Why use a weekly visual timetable?
Not everybody can hold multiple events, thoughts, emotions or concepts in their mind at once. There are many reasons for this including autism, ADHD, FASD, anxiety, learning disabilities and dementia.
Though the causes may be different the effects can be similar.
- When a person can’t hold all the events of the week in their mind, they can become anxious because they don’t know what’s happening and therefore, they don’t know whether there will be something that they don’t like.
- When a change in routine occurs, some people find it hard to hold in their mind what choices they have and therefore get distressed.
- Words are sometimes difficult to translate into a real event or activity. Pictures or photographs can help someone to understand more easily.
So, why use a weekly visual timetable?
By displaying the events and activities for a week visually, a person can group all those items together into one image, which can be remembered and recalled. The person can revisit the visual timetable to reassure themselves and cement the image in their mind.
As well as providing a single image to help memory the visual timetable also provides a visual support for communication. A person may struggle to understand the concept of an activity to be done on two or three days’ time but when that activity is displayed on a visual timetable it’s easier to see the difference between each day and the progression of days over the week.
If it’s hard to understand or remember an activity that will be happening in the future, it’s difficult to talk about it. By visualising activities, a person can see them and talk about whether they like an activity or ask about some aspect such as location or people that will be present. Additional images can be used to supplement the activity image such as photographs of people or the place that the activity will take place.
If an activity is likely to be stressful the visual timetable can be used to talk about the activity in advance and prepare a person for what it will be like.
Are all visual timetables equal?
That’s much like suggesting that all books are equal or all cars are equal. There are two basic aspects of a visual timetable that you need to think about; visual clarity and ease of use.
A visual timetable contains a lot of information so that information needs to be clearly laid out. Items of information should, ideally, be isolated from each other using borders and colours whilst similar items, such as those on the same day, should be grouped together. The timetable should be large enough to identify each activity clearly but small enough to be useable and located somewhere accessible.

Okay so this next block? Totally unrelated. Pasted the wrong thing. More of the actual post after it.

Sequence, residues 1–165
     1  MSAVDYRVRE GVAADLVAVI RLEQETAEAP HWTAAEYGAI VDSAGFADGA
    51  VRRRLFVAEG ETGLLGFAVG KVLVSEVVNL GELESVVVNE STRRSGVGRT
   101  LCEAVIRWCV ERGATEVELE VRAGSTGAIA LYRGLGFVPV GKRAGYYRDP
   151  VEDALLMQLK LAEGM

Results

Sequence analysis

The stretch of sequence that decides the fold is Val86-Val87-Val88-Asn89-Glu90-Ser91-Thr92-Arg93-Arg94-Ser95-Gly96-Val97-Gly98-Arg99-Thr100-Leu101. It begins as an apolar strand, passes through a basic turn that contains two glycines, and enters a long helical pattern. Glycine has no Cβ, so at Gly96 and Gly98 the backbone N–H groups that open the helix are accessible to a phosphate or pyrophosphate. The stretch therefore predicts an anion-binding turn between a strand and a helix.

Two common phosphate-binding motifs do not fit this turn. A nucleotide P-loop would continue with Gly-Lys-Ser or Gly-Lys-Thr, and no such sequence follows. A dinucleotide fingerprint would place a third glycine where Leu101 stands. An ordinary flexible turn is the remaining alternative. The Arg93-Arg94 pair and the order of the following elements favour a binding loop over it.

For the person that will benefit from the visual timetable to get the most from it they should be the person to use it. If a timetable is “done to” a person or shown to them they are less likely to engage with it and trust it. If the person chooses the images, places them on the timetable and is encouraged to talk about each activity then the engagement is much more personal and a level of trust in the timetable develops. In order to achieve this level of engagement the timetable needs to be designed in a way that is accessible and practical to use.
In order to get maximum engagement a visual timetable can also have space for feedback or comments. And the end of an activity or at the end of a day it can be really helpful for the person using the board to make notes about what was good or what was bad. This can be a couple of sentences, a couple of keywords or just a smiley or sad face. This can form the basis of a conversation about the day, reinforcing the positives and talking about how to reduce the negatives. If today is a good day then that can be celebrated, if it was a bad day then the conversation can be around what the person could do tomorrow to make it better than today.
For people who are autistic or who have ADHD, FASD, anxiety, learning disabilities and dementia visual timetables can reduce anxiety, reduce challenging behaviours, enable conversation, increase confidence and help them to thrive not just survive.